took his plane up instead. My father remembered
standing on the airfield, helpless
as he looked into the sky
and saw the engines smoke and fail,
the heavy plane careening down, the great explosion. 
After the war, the base shut down
and quickly became a ghost town.
But before the base closed, my father met my mother,
a secretary who typed the papers for soldiers
headed to North Africa or Normandy or Italy.
The two slow-danced together at the base club
on a Saturday night in August.

Michael Meyerhofer   

It Never Does

Priests of my childhood
spoke of paradise like a riptide,
a whitewash, trying perhaps
to slingshot out of reach
that spidery sidewalk we called
doubt. Meanwhile, cedars yawned
in snowy repose and I thought
that maybe someday, when our bones
spoon a grown man’s height
below the topsoil,
all this would make sense.

Karrie Waarala  

Death Spends Halloween at the Country Bar  

I don’t just park one stilettoed heel
on a barstool rung and order my whiskey neat
under your appraising question-marked eyes.

I’m the cold curved stare of the mounted beasts
that skulk and lurk on the walls longing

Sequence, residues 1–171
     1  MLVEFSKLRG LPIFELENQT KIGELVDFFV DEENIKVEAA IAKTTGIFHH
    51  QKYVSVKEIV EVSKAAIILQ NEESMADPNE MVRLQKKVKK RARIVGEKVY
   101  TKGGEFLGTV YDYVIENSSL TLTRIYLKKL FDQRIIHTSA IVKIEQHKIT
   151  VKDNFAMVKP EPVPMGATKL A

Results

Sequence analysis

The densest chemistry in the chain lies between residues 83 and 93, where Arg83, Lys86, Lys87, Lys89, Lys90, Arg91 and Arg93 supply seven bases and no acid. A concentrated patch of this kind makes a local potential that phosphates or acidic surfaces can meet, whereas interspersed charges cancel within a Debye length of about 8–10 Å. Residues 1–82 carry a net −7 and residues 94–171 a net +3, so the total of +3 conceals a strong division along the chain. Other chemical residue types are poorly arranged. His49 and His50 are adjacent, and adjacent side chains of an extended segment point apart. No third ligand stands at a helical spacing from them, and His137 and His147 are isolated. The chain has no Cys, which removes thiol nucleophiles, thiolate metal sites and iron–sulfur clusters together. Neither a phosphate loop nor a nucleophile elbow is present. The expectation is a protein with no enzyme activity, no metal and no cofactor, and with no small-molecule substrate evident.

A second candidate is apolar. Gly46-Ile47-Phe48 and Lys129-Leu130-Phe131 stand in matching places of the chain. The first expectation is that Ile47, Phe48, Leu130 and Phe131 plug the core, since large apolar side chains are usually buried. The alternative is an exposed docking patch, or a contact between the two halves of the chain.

to plant hoof and fang in your supple neck.

I’m that last bourbon you slugged down
lingering in your liver and squeezing
with sluggish and watery fingers.

I’m the pack of smokes you hipchecked
out of the rusty machine in back, every coil
of cancer you suck into your lungs.

I hitched a ride here with the mandolin player,
called shotgun in a flurry of splintered glass
and bad judgment, but the kid’s got promise.

Later I will hover behind you in the 4 a.m. line
at the gas station but you won’t even notice
except for that back of the neck cold prickle.

I’m the surging anger and too-thin Plexiglas.
The grease-smeared wax paper of day-old donuts.
The sloppy wad of bills and caved hunger of addictions.

The back alley fumbling.
The stubborn refusal.
The concrete misstep.

The eyelids fluttering shut
behind wavering wheel for
one short breath too long.

Pushcart Prize Nominations in 2016

Pushcart Prize Nominations in 2015

Pushcart Prize Nominations in 2014

Pushcart Prize Nominations in 2013

Pushcart Prize Nominations in 2012

Pushcart Prize Nominations in 2011

More Art by Allison Long Hardy